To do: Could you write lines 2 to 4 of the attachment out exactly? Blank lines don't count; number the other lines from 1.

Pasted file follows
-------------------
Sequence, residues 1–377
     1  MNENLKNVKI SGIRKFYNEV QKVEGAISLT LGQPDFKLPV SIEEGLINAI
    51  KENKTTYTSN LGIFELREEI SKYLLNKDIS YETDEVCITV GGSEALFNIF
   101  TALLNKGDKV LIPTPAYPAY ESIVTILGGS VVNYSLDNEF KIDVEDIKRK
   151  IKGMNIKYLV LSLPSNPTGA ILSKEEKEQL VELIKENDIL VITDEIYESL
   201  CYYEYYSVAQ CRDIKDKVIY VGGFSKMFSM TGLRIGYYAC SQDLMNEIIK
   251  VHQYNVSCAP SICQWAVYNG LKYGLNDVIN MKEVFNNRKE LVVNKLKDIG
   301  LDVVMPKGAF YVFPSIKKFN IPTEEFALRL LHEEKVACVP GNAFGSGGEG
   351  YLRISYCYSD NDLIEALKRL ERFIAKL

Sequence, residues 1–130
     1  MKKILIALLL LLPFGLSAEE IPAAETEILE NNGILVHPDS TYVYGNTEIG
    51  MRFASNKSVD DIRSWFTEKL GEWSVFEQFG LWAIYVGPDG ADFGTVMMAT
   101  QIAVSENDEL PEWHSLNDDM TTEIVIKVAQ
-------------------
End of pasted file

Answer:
     1  MNENLKNVKI SGIRKFYNEV QKVEGAISLT LGQPDFKLPV SIEEGLINAI
    51  KENKTTYTSN LGIFELREEI SKYLLNKDIS YETDEVCITV GGSEALFNIF
   101  TALLNKGDKV LIPTPAYPAY ESIVTILGGS VVNYSLDNEF KIDVEDIKRK